If an electric guitarist with an amp on stage is on one side of the platform, a good idea is to have the sound engineer take the guitar signal and pan it to the speaker on the opposite side. This way the majority of the people in the room will hear the guitar coming from both places and it will feel balanced. The hope would be that the sound engineer would have a clear idea on how to balance the room using reinforcement of the house speakers.
When it comes to items that have little to no stage noise, like an acoustic guitarist who uses in-ear monitors, you can feel free to be as creative as you want and visually balance that person out with what you have already placed. In the previous scenario where an electric guitarist is on stage left, it would be best to visually balance him out by putting the acoustic guitarist on stage right. The truth is that if that person has an isolated signal and in-ear monitors, their placement on stage makes very little impact in the audio realm. You can place them wherever is visually pleasing.
The Softer Instruments
One last piece of the puzzle we shouldn’t neglect. There may be some worship team members who play the quieter instruments: flutes, violins, hammered dulcimers, etc. It is important to remember that their microphones are working hard to pick up as much signal as possible. So, when you have a special instrument that needs that kind of care be sure to place them in the quietest spot possible on stage where there is little to no stage noise. Don’t make the mistake of putting a flutist next to an exposed guitar amp.
The ideal scenario to minimize excessive noise and to have more control of the sound is to have very isolated signals. If at all possible, the drummer should be in a full enclosure, the electric guitarists should be in isolation boxes with their amps (or use in-ear monitors). The majority of the worship team should use in-ear monitors instead of wedges where possible. In-ear monitors and isolated signals allow the worship leader to be free to place people as he or she sees fit.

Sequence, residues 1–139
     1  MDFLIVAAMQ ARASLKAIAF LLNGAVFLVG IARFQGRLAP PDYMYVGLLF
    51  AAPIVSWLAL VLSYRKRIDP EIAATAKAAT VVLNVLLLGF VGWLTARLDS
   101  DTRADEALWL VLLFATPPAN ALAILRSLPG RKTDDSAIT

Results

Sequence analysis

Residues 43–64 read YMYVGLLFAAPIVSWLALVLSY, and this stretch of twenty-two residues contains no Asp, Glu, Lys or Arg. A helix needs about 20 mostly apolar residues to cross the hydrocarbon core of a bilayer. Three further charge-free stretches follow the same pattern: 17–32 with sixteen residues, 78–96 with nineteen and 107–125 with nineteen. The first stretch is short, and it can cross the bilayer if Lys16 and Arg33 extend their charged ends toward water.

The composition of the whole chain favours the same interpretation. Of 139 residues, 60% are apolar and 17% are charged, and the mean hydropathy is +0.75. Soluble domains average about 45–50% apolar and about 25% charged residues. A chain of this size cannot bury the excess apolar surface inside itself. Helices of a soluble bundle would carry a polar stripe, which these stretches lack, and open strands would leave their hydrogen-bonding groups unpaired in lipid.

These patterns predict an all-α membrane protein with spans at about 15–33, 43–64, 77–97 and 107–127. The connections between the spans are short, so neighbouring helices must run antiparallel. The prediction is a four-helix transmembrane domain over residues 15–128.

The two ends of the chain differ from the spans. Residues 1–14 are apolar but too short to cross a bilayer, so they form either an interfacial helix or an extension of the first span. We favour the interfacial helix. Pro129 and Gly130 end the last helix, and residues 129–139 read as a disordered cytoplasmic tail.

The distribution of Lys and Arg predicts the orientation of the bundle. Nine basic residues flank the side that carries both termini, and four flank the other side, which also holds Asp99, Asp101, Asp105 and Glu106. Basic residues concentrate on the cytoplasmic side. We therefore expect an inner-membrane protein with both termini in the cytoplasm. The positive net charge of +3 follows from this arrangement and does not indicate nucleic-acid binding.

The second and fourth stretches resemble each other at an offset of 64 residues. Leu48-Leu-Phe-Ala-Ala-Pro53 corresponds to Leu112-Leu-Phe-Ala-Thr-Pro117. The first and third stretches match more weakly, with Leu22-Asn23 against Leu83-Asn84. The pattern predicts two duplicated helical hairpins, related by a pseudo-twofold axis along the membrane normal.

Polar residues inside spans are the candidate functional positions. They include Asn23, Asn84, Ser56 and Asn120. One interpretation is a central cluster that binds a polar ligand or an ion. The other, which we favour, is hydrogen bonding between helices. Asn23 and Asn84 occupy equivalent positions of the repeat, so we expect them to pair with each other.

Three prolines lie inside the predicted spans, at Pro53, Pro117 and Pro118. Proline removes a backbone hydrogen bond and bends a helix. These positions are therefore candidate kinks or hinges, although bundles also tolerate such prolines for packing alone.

Of course you need to work with what you have. If you don’t have the budget for in-ear or enclosures, apply some of the other principles discussed above to improve sound quality. Also, look into purchasing used equipment, perhaps from another church who is upgrading theirs. It’s God’s worship team, pray that He would provide better equipment in the future through some unexpected means.
The focus of this article is on the sound engineer’s perspective, but there are other factors to consider. Know your team members. How much experience do they have? What is their comfort level? Perhaps you have a new acoustic guitarist who feels much more comfortable near the back of stage. Or maybe the worship leader needs the keyboard player out front where they can communicate better during worship. There is so much more to consider than just the optimum configuration for sound output or simply what looks best aesthetically. The worship leader, the sound technician, the technicians who set up the equipment should have discussions in advance about the best stage placement for your team ahead of time so you can best be used of God to lead your congregation in worship without distraction.